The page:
Staley and his team soldiered on, despite the challenges, hosting a three-on-three basketball tournament just weeks after the storm. But they didn't do it alone.
"Mike Guswiler at the West Michigan Sports Commission called me up and said, ‘What can I do to help?' I told him we had this tournament coming up, and he went to work," explains Staley. With Guswiler leading the charge, sports commissions from all over the country sent donations to Tuscaloosa, making it possible for the basketball tournament, which raised money for givetuscaloosa.com and Nick's Kids, not just to happen, but also to be a huge success.
Guntersville, Alabama, suffered extensive damage from the same storm, but with a little flexibility and creativity, hasn't missed a step.
"The sport that was affected most was our fishing," explains Lisa Socha, president, Marshall County Convention and Visitors Bureau. "Lake Guntersville State Park, one of the major locations for our fishing events, was pretty much destroyed."
The primary weigh-in site for the area's many fishing tournaments, Lake Guntersville Park was closed for several weeks after the tornado, creating a challenge for several fishing tournaments. Socha and her team "found other locations for weigh-ins and to just kept on fishing."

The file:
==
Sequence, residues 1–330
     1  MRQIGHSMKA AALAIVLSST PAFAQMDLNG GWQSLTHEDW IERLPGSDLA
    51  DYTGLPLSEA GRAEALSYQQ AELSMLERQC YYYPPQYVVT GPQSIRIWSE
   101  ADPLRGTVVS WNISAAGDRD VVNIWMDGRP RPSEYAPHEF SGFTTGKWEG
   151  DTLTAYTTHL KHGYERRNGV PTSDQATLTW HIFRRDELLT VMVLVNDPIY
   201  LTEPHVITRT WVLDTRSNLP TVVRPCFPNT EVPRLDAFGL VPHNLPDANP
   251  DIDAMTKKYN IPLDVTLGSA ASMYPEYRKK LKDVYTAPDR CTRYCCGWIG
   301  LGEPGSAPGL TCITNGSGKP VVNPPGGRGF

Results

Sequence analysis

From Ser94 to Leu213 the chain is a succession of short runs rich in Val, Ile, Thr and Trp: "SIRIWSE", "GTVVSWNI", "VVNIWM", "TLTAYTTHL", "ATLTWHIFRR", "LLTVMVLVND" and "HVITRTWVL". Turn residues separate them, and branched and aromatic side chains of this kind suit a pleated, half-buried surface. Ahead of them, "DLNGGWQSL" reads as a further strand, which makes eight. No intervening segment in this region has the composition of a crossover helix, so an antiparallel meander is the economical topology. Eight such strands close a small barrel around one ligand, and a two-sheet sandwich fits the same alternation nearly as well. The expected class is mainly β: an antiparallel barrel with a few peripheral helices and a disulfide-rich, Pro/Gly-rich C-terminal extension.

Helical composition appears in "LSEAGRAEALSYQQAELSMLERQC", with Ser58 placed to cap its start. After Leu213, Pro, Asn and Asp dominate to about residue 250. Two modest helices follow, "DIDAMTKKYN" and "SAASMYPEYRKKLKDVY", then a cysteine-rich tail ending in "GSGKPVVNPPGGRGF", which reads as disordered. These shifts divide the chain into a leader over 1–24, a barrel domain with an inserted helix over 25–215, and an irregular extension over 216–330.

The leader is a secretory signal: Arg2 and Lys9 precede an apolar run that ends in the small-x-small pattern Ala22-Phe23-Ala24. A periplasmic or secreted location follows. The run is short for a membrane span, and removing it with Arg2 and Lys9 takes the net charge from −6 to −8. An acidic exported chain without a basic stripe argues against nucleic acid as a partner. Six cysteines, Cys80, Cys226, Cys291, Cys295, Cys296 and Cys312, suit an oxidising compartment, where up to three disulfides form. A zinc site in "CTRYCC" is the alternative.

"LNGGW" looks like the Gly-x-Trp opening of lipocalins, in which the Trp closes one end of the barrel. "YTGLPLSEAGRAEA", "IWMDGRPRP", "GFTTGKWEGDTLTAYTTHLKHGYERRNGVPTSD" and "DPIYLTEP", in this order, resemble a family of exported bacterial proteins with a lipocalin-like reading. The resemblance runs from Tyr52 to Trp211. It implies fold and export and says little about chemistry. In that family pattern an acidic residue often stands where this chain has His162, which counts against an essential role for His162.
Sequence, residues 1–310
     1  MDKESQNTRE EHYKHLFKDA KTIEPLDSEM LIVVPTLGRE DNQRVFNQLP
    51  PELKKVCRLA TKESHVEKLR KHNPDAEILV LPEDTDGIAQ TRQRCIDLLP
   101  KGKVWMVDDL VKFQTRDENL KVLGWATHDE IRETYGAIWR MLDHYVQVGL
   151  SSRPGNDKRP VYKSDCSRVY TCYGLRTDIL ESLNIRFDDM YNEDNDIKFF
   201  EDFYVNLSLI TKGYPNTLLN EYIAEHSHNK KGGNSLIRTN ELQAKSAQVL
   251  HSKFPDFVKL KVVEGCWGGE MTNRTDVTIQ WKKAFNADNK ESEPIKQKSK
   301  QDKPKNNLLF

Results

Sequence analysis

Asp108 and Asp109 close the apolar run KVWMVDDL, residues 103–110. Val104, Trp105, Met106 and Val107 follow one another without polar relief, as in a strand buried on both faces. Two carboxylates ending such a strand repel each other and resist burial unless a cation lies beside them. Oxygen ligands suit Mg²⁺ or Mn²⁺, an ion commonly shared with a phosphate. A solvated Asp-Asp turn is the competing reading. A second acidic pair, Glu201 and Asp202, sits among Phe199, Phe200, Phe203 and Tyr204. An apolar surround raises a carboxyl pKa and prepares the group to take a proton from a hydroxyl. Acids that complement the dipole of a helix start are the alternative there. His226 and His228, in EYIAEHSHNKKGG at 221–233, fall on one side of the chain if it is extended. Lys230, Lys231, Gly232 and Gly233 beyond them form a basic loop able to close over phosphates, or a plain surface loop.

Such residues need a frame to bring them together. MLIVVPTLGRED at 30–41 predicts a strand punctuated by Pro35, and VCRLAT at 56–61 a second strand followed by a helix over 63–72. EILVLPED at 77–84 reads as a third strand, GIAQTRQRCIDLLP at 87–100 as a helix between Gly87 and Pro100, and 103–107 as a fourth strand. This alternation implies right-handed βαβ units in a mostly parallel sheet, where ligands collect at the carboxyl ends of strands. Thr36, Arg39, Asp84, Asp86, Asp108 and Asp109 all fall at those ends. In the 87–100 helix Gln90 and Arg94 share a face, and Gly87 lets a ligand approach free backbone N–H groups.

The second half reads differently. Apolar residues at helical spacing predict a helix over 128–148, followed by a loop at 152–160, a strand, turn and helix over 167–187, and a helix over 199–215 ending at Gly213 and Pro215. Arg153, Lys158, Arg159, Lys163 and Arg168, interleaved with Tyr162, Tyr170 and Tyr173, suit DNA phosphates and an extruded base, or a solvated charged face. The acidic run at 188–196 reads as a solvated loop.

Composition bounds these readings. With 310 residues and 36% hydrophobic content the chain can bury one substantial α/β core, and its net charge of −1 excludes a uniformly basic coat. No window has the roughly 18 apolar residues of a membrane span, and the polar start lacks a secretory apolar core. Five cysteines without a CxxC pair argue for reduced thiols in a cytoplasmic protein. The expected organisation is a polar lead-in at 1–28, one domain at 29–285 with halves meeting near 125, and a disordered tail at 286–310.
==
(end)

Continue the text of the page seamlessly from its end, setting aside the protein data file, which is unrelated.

Marshall County, already known as a bass and crappie fishing destination, is also home to a variety of other tournaments, including softball, baseball and golf. Socha promises those facilities will be ready when the seasons come.
To the north, Hunstville also got part of the massive storm system, but emerged relatively well, says Don Dukemineer, convention sales manager for the Huntsville/Madison County Convention and Visitors Bureau.
"We were without power Wednesday evening and it didn't come on again until Sunday for a lot of folks," says Dukemineer. "It forced the cancellation of quite a few events, mostly conferences and meetings, but most are rescheduling for later in the year."